The atmosphere in the UK this week is not that far off from a disaster movie, right at the moment when the tsunami roars into view. We know the winter ahead will be difficult for many, with inflation spiking as we face an energy crunch. Our new prime minister seems determined not to be caught flat-footed, with hints of a scheme to cap energy bills for consumers and businesses. What does the startup sector have to offer at this moment of crisis, and how can government and consumers benefit?

There are hundreds of companies working on renewables, deeptech, and net zero technologies to solve exactly this problem. One standout is Highview Power, a British company which uses cryogenic energy storage (freezing and unfreezing air) to store renewables-generated electricity for later use. This type of infrastructure will be essential if the intermittency of offshore wind and solar farms are ever to be overcome. Highview already have commercial projects underway in Yorkshire and Spain.

The bad news is that many companies in this sector are still at an early stage, putting them years away from the market. Even for well-established renewable energy sources such as offshore wind and solar farms, the path to market is booby-trapped with red tape. Building anything on a scale sufficient to make a real dent in the UK’s energy needs will inevitably cut across a number of highly regulated areas, including the planning system, which adds to the risk already inherent in the startup world.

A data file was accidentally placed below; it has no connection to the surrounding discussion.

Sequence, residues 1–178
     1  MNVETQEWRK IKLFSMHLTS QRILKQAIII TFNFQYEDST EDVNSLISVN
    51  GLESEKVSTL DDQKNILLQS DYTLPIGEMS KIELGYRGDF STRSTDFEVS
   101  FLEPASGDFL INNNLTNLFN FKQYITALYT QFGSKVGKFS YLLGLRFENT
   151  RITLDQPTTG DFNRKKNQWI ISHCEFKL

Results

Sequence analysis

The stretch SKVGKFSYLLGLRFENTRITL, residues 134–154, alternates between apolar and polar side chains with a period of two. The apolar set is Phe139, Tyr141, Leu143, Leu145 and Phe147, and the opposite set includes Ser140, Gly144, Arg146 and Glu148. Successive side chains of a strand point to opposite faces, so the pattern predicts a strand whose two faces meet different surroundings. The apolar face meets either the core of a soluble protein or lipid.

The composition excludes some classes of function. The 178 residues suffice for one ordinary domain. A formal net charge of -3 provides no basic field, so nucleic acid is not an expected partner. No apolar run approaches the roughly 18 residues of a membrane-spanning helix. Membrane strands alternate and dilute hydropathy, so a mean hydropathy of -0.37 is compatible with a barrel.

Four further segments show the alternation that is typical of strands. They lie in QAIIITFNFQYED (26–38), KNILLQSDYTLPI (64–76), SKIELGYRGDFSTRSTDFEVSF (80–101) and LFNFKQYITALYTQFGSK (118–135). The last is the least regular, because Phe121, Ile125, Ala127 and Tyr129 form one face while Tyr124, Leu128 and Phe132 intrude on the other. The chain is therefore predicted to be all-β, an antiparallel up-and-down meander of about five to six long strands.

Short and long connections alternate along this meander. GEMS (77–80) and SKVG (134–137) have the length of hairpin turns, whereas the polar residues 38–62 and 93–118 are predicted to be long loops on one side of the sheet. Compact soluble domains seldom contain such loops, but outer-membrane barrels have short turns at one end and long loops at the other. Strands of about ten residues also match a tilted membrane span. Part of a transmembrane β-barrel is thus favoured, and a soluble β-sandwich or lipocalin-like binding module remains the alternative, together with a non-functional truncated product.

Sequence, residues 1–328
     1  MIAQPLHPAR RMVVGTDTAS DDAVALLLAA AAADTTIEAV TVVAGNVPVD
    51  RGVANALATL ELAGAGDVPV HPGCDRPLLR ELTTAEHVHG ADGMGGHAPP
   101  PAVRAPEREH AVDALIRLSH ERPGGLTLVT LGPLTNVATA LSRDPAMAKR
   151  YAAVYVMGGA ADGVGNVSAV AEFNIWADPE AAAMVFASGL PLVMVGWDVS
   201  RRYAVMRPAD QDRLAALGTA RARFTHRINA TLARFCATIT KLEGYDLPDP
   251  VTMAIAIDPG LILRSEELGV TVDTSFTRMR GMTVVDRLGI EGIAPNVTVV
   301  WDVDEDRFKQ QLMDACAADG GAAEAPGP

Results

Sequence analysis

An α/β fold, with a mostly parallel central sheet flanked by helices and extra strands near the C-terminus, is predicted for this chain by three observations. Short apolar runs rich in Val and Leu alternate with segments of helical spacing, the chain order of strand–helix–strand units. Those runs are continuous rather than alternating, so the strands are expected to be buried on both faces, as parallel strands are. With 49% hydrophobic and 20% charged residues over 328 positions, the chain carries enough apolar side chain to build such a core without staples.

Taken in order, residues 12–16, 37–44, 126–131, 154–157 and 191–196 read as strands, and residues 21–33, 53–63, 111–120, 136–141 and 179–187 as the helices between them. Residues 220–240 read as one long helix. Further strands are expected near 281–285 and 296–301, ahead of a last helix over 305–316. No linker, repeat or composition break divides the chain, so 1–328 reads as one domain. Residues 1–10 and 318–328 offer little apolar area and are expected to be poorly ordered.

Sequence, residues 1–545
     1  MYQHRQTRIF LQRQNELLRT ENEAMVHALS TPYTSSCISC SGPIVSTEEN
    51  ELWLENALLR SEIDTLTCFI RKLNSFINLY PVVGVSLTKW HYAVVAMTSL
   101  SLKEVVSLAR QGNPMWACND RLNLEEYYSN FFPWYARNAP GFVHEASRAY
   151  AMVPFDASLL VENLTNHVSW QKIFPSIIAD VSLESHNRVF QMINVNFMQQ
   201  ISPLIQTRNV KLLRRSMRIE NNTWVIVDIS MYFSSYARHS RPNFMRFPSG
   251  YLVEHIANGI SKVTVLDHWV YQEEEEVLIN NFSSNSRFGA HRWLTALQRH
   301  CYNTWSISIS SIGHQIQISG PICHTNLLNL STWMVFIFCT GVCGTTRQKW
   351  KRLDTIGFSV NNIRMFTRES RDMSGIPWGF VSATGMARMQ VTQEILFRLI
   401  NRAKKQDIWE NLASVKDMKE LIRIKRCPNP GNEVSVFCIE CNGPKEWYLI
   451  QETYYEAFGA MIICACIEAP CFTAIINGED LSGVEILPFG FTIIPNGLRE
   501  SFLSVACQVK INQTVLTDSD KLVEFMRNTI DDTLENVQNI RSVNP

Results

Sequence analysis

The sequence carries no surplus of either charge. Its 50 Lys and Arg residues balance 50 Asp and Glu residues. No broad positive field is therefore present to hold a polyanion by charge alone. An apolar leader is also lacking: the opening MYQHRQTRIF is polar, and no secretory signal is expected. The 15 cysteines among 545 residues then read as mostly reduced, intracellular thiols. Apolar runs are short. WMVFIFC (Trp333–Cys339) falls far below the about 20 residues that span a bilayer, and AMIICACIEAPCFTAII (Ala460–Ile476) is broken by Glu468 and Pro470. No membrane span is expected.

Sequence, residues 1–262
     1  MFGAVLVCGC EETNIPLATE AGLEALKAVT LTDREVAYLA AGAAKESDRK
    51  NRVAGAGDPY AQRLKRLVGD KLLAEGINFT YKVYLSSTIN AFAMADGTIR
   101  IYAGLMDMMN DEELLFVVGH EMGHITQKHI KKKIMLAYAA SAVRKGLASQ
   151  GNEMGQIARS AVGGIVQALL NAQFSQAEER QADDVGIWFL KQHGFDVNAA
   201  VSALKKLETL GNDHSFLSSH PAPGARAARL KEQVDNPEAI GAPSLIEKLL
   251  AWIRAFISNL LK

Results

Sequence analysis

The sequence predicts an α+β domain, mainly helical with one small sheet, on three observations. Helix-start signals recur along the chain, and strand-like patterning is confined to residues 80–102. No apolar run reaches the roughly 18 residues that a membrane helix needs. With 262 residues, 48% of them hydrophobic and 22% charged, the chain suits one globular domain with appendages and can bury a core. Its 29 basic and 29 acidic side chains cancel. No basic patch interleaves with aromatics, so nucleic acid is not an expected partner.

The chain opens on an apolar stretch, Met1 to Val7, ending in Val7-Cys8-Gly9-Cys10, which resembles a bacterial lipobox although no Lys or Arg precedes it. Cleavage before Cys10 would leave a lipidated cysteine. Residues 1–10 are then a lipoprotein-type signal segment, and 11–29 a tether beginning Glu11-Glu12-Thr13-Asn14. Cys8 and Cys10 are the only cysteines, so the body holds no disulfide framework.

Many of the solutions which are available now revolve around helping consumers use energy more efficiently in their homes. Whilst offering an immediate payoff for the user, the installation required also creates barriers for the same sector of the population who will be the hardest hit. One example is Wondrwall, which combines a home solar system with a high-capacity battery and a smart home management system. Another is Tepeo, who have developed an all-electric zero emissions boiler (known as the ZEB) which charges itself at times of day when energy is cheapest.

By nature, entrepreneurs are not the type to be discouraged by foreboding macroeconomic forecasts. They place big bets on what the world will need years in the future and skate over recessions and downturns to build it. One example is Carbon Re’s Delta Zero, which uses the troves of data generated by industrial processes to help cement plants work more efficiently. The long-term rationale, reducing carbon emissions, is as valid as ever; but the immediate benefit for new customers may turn out to be keeping the lights on in the face of energy shortages this winter.

In fact, the most important role for startups in this crisis may turn out to be through sectors other than energy. Many people may be forced to take on second jobs in the gig economy as wages fall behind inflation. Companies offering buy-now-pay-later services or instalment plans, like Klarna and Affirm, will allow consumers to keep spending even as their finances are stretched to the limit. And if we find ourselves in a world where leisure activities like travel and shopping have become unaffordable, we’ll always have TikTok.

Image credit: these graphics were generated by DALL-E from prompts pairing Victorian houses and tidal waves.